When I was younger “the American dream” meant having a professional job that paid quite nicely, having a big family, living in a large house with a huge yard, a car for me and my wife each and then 1 for each child when they were old enough to drive, and a summer home in the mountains. I used to want a home at the beach as well, but living in California I saw too many stories of where those homes were almost or completely destroyed so I decided the mountains would be a better idea. Although I also had my moment, and still do, when I wanted to be like the guy on the US TV show Quincy, M.E., who lived on a sailboat. Guess I’ve always had an adventurous lean, just didn’t realize it until I was an adult. Part of my dream included owning my own successful company. I even subscribed to the magazine Inc. when I was 16 and started my first “business,” Busy Bee Landscaping, when I was 13.
I realize part of my dream’s inspiration were my well-to-do friends when I was growing up, especially during my high school years. I was so envious of their new and trendy clothes, their brand new cars. As a foster kid I wasn’t allowed to drive, so I was just plain jealous they could drive! I couldn’t spend the night at someone’s house either which really sucked. My “mother” (LONG story but she’s usually referred to as “the egg donor” in my home) made sure she had plenty of new clothes, but me not so much. I was always embarrassed of getting free lunch at school, especially because I knew my mother was lying about income to get that. Ok, this story is going in a whole ‘nother direction that I anticipated. Back to the original topic!
During my early adult years I can’t say I pursued the American dream all that earnestly. Sure, I got a college education, but I also picked some areas of study that are not known for high incomes. And being a regular minister in a church just wasn’t for me, in spite of the fact that a pastor friend drove a Porsche and lived in a HUGE house on a hill that I admired greatly. I did, for a while, end up with a home in a nice suburban area, but it was still nowhere close to “the dream.”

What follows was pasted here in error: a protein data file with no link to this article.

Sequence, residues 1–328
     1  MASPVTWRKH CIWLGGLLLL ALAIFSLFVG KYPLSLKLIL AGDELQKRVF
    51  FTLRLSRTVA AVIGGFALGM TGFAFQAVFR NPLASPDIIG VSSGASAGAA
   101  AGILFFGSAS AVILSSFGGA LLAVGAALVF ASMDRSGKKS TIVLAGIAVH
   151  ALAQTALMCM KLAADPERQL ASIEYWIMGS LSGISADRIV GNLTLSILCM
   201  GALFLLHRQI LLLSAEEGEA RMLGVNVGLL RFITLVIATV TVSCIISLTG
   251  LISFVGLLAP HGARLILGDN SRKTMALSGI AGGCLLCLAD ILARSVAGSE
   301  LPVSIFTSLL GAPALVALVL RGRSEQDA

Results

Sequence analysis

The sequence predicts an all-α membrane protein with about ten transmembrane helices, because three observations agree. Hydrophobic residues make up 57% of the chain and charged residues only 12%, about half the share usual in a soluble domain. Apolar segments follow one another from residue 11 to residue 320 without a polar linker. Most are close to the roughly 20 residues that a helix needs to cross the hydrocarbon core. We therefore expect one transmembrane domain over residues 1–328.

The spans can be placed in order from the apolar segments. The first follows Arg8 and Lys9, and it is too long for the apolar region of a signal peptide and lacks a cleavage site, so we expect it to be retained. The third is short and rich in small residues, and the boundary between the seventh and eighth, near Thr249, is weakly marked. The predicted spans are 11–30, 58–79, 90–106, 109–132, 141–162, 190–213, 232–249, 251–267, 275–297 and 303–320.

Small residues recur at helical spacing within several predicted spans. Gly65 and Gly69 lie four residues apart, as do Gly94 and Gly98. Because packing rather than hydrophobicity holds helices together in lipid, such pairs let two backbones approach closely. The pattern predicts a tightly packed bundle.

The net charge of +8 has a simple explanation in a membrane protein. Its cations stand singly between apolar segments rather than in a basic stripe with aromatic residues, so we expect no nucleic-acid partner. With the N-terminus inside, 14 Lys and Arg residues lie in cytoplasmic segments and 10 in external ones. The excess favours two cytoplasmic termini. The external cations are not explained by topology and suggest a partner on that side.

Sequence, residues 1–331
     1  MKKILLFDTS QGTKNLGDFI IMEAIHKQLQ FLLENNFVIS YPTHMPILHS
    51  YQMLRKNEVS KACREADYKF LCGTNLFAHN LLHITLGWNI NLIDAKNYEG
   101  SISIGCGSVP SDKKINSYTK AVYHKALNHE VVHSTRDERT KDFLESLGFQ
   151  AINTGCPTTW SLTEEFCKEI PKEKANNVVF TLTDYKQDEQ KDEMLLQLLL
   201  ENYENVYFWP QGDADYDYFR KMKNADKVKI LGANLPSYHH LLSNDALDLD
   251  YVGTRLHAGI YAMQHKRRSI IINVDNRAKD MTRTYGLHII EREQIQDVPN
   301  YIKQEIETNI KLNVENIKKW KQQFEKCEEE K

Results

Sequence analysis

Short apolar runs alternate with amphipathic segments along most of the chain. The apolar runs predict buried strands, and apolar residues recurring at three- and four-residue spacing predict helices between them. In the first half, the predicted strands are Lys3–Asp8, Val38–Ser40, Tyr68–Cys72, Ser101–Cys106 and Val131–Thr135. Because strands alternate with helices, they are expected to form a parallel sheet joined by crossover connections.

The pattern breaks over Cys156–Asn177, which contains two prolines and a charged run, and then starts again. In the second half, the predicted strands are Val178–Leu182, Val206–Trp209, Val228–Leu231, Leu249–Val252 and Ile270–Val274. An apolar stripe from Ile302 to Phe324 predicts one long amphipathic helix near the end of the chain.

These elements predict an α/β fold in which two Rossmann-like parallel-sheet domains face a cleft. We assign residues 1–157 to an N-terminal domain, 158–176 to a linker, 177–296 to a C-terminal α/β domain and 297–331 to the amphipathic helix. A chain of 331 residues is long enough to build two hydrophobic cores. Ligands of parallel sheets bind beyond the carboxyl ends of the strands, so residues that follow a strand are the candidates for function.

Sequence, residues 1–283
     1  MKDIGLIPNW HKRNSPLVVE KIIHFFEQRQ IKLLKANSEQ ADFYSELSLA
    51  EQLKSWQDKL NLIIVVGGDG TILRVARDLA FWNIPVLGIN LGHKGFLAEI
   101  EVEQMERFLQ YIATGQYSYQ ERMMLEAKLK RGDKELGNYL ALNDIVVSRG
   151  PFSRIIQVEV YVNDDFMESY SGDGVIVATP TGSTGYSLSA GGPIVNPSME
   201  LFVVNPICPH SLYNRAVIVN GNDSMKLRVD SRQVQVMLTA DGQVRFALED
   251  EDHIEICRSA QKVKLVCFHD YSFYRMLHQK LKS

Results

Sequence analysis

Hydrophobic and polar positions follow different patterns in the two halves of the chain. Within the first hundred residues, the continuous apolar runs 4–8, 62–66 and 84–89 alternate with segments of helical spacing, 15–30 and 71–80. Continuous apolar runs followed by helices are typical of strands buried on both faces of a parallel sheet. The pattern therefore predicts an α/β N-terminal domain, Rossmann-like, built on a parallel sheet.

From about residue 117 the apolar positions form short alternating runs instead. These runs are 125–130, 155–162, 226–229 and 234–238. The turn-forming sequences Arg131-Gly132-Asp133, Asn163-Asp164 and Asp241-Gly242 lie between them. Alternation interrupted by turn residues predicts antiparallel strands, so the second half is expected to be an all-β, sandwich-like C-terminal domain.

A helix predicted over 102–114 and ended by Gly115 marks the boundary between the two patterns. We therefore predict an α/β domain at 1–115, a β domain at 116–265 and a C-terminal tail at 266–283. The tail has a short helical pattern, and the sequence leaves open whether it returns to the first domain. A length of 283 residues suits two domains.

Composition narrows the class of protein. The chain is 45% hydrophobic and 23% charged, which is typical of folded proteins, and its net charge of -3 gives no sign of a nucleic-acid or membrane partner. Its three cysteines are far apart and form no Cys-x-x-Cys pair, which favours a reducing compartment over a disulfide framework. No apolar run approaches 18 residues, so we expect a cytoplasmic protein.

After a divorce and changing my career in my late 30s, I got into running, and then ultra running & snowshoeing, and then endurance cycling, and adopted during that time. I had changed my dream up a bit. I was doing a job I LOVED, but it definitely wasn’t going to earn me the kind of money I would need to live my childhood-inspired life. Then again I had come to terms with that.
Then life kind of kicked me in the butt. HARD! At that point my only dream was to make it through all of it without losing whatever remnant of sanity I still retained. Then, as you probably already know, I began looking at my lifestyle VERY differently, and this new journey took shape. As we’ve been on the road, almost 5 months now!, the “American dream” has taken on a completely different flavor for me.
Some people took my desire to leave the States and raise Tigger in other countries to mean I hated the USA. Not at all! Am I 100% fond of 100% of its culture? Noooooooo, but I don’t dislike my native country. I just wanted . . . more for my life and for my child. Not more in the sense of more stuff, more things, a giant flatscreen TV, but more living. I wanted my son to feel part of the big world not just the microcosm of the one he was born in. I wanted to be a bigger part of his life, and I couldn’t do that doing the typical 40-hour week thing. I also wanted to be able to chase more of my own modern dreams and turn them into realities. If I could afford to live like I am now working the few hours I do, would I have stayed in the US? No. I want Tigger to grow up a global citizen, to not only have a love for his own country but for others as well, to see the beauty that resides in so many people, and to get away from “normal” life.
So to me the American dream has greatly metamorphosed. It is now more about the true freedom we currently enjoy to just up and go somewhere else new, to spend most of our day together, to teach and learn from each other, to have experiences few people in this world have had, ultimately to get more living into our life. But now it isn’t a dream. It’s our life.
What is your version of “the American dream” and does it still exist for you?
Some other traveling family bloggers are writing about this same topic. Please check out their posts as well: